Challenge and Push-backs

There are times, when well-founded pushbacks need to be made, especially during negotiations about priorities with the different stakeholders. And, respectfully, don’t be afraid to challenge other people's solutions.

Motivation and Proactivity

This doesn’t mean that you have to work harder until late hours but smartly and healthily of prevention and planning. The ability to unblock your pairs, make them believe in themselves, and make them able to achieve their goals in the short and long run.


As soon as you become more experienced, you start developing coaching and teaching skills. And within team-based jobs, this can be a must-skill to have. Promote other devs to take responsibility, and knowledge transfer sessions to less experienced devs to unblock them to perform smoothly.


This will open the box to take upon new responsibilities. Gain the trust of the team, and also trust the team is the main driver of delegation. Will make the team perform better, allow the team to learn, and move out of their comfort zone.

Creativity and thinking outside of the box

Thinking outside of the box, and encouraging creative solutions will unblock you from different external dependencies in difficult times. Apart from the fact and main reason that we all deserve the same opportunities, this is why diversity in a team can be super important!

Lead and host meetings

When dealing with heated conversations and negotiations I would expect the experienced dev to lead the situation and host meetings accordingly to tackle things; and convert limitations, dependencies, and problems into solutions as pragmatic as possible. Always led by a clear way of communicating.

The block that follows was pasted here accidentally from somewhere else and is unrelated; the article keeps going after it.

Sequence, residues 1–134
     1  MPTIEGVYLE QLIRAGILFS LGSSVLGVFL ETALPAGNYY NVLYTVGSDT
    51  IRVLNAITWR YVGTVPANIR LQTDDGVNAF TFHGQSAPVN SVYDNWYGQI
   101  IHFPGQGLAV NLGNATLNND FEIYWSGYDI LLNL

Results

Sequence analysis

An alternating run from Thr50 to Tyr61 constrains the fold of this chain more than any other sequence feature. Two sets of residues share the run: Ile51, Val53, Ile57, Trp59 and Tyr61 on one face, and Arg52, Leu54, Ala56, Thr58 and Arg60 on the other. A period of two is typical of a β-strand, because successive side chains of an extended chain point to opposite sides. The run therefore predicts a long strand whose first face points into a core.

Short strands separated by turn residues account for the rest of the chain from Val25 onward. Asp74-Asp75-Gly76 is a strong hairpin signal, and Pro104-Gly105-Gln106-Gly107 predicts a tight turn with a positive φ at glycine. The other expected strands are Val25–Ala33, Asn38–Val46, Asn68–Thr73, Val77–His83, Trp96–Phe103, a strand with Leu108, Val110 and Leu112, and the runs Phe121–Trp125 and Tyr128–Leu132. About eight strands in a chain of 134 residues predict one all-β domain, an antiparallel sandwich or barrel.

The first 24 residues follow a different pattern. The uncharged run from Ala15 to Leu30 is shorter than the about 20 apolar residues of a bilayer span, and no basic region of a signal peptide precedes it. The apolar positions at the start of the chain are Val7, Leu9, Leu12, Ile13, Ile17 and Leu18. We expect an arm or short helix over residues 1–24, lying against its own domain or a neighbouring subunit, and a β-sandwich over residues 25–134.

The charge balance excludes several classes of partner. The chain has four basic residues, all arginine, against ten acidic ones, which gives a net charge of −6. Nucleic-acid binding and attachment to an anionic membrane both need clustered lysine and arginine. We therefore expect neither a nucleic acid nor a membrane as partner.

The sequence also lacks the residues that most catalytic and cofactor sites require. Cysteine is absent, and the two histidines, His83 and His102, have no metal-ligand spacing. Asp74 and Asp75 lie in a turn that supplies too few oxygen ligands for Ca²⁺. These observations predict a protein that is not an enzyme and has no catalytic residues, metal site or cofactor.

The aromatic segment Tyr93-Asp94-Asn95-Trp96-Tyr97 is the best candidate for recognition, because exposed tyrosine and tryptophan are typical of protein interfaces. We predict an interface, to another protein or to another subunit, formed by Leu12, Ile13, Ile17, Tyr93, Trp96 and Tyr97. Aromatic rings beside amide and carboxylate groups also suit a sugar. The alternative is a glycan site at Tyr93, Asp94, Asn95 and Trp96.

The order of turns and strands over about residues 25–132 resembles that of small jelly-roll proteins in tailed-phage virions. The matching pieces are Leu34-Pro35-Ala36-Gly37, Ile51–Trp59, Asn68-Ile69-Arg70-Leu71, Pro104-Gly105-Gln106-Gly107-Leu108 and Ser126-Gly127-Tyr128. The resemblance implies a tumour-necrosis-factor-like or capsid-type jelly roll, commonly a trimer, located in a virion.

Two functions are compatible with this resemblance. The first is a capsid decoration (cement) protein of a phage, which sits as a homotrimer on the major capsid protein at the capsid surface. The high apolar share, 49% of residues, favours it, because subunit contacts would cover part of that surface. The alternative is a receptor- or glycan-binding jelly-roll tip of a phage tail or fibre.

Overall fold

Distinguish arrogance from confidence

This is something that I always try to observe while talking to potential candidates, but it is not always easy to notice. Especially when dealing with technical discussion is good to see how the other person reacts to something that is not certainly correct, and how they try to convince others to follow their way without feeling like they are imposing rather than explaining an idea.


A bit related to the previous point, but from a management perspective. This refers to the confusion between leaders who impose with the ones who lead the team to better places. Not necessarily linked to leaders, team success never depends on only one person. Thus advocating for your colleagues increases self-confidence and their feeling of belonging and contribution to the team.

Self Reflection

The ability to reflect on everything we do gives the feeling of continuous improvement. Looking back on how things were done and how we could have taken a different approach to get a better result. Even in times when the feedback is good by being self-critical, we can prove to ourselves that there is always room for improvement.


Being able to follow up a negotiation without being biased by just a feeling or your preference should be key to always having a curious and objective mindset.

Final disclaimer

Apart from things that make you a better dev, others won't. And it is something that I see quite often out there. And it's TIME.

Don't be fooled by the people who consider themselves experienced or senior devs just because they have worked in the field for X years. Time was never and will never be a way to measure how good you are as a dev, even less as a professional.

As always, I am looking for opinions, so in case you have any comments or feedback, please share!!

Thanks for reading ❤️

Written by Manu

I am a product-driven JavaScript developer, passionate about sharing experiences in the IT world, from a human-centric perspective.